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Monday, July 28, 2014
Trinidad & Tobago Guardian Online
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The man behind Pierrot Grenade
He committed himself to delivering the best pierrot grenade there could ever be in the Caribbean region for the past 31 years. He has travelled to several countries, including Switzerland, Europe, Canada, and the US, representing Trinidad & Tobago at cultural festivals and educating people on the history of this Carnival character. Felix Edinborough, the man behind the pierrot grenade, is truly one of T&T’s noble cultural ambassadors. And as we enter into the beginning of another decade, he shares with us his life as the pierrot grenade
“I was always involved in mas from a very young age because my father, Louis Edinborough, used to organise the village Carnival in Petit Valley,” Edinborough recalled. “I was also a member of the Petit Valley Performers Best Village group. “I used to write skits for the group, and one year I wrote a Carnival skit and I was looking for a good Carnival character for the narrator. “I thought of using the midnight robber but then I reneged on that thought because I found that type of speech would not have been the type of presentation I wanted,” explained Edinborough.
Eventually, after much searching without success, Edinborough decided to use a pierrot grenade for the narrator. However, his quest to find someone who could portray the character well was also unsuccessful, and so Edinborough decided to do it himself. Once Edinborough made the decision to become the pierrot grenade, he began research on the long standing Carnival character. “I didn’t know much about the pierrot grenade except for what my mother had told me, so I did a lot of research.
“I read any written material I could have found on traditional Carnival characters,” said Edinborough. Little did he know that his hard work would have paid off. That year Petit Valley Performers won in the category of Best Carnival Skit. “I thought this would have been just a one off thing, but from that performance my life as the pierrot grenade began. “Helen Camps was the director at Little Carib Theatre at that time. She had seen my performance and invited me to bring the character into the theatre. I would be writing Carnival productions with the pierrot grenade in it and playing the character as well—I accepted,” laughed Edinborough.
It was while performing at the Little Carib Theatre that Edinborough became acquainted with comedian Paul Keens Douglas. Douglas invited him to be a part of his talk tent in 1983. Edinborough accepted and soon joined John Agitation, “Poggy” (mid night robber) and other stand-up comedians. “I stayed with the talk tent and before I knew it, I was the permanent pierrot grenade. Realising the character would be his role in Carnival, Edinborough continued his research on the pierrot grenade, reading books written by Andrew Carr, Errol Hill and others.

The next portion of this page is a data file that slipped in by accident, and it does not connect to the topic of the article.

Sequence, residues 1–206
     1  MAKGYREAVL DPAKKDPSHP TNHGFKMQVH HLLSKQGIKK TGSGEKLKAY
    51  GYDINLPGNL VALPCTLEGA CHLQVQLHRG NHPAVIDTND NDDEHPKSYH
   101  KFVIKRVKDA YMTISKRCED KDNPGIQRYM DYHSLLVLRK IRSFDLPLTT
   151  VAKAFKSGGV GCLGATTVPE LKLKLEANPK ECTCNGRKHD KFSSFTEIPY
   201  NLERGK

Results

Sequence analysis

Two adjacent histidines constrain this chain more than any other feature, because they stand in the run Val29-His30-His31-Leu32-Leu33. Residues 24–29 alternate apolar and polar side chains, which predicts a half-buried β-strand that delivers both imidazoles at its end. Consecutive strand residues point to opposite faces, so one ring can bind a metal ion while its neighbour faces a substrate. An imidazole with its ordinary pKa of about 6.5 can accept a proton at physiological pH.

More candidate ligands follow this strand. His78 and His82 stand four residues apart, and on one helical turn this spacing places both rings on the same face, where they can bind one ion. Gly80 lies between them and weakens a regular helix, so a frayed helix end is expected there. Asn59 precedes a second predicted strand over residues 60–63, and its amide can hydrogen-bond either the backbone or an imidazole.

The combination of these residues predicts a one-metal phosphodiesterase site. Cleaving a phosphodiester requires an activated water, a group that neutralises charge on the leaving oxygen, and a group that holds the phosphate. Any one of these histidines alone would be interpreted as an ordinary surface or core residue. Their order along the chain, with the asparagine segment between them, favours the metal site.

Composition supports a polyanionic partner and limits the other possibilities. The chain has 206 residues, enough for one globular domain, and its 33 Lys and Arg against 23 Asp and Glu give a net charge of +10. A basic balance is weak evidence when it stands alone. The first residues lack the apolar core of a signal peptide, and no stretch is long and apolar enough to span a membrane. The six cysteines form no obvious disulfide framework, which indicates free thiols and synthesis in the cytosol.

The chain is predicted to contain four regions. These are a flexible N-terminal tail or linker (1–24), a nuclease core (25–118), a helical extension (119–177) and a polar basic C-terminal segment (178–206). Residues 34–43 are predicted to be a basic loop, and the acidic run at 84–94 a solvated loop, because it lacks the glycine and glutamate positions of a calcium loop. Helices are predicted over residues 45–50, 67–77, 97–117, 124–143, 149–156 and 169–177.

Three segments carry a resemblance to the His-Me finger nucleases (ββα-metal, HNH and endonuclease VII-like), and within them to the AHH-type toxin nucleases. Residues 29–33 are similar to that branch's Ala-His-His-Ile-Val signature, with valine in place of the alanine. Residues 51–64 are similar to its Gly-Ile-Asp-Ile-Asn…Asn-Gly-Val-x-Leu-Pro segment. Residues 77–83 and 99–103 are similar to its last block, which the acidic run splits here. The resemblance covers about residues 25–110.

The retired teacher has taken the character of the pierrot grenade to schools. He is highly sought after to perform at private and public at Carnival functions, and has even been part of functions hosted by former prime minister Patrick Manning at his residence. He records his pierrot grenade portrayal in Germany at the 2006 Fifa World Cup as one of his most memorable. Declaring that his work in researching the character is never done, Edinborough said he would fall back when he was satisfied that someone else could execute the role of the pierrot grenade better than he ever did.
“It would be nice for the pierrot grenade to be around for generations to come. There is a lot of work to be done by the stakeholders of Carnival to preserve all traditional Carnival characters. “We are doing our part to keep them alive. I am still involved in Best Village at the level of a judge now, and every year a competition is held for traditional Carnival characters. “Also every Carnival Wednesday, each year, the public can familiarise themselves with all the Carnival characters at our parade at Victoria Square,” said Edinborough.
He said another parade of the characters, which was sponsored by Digicel, also took place on Carnival Sunday, beginning at Piccadilly Greens, and culminating at Adam Smith Square. “We really need to protect these characters. So for as long as nature would permit me to be, I will continue to be the pierrot grenade.”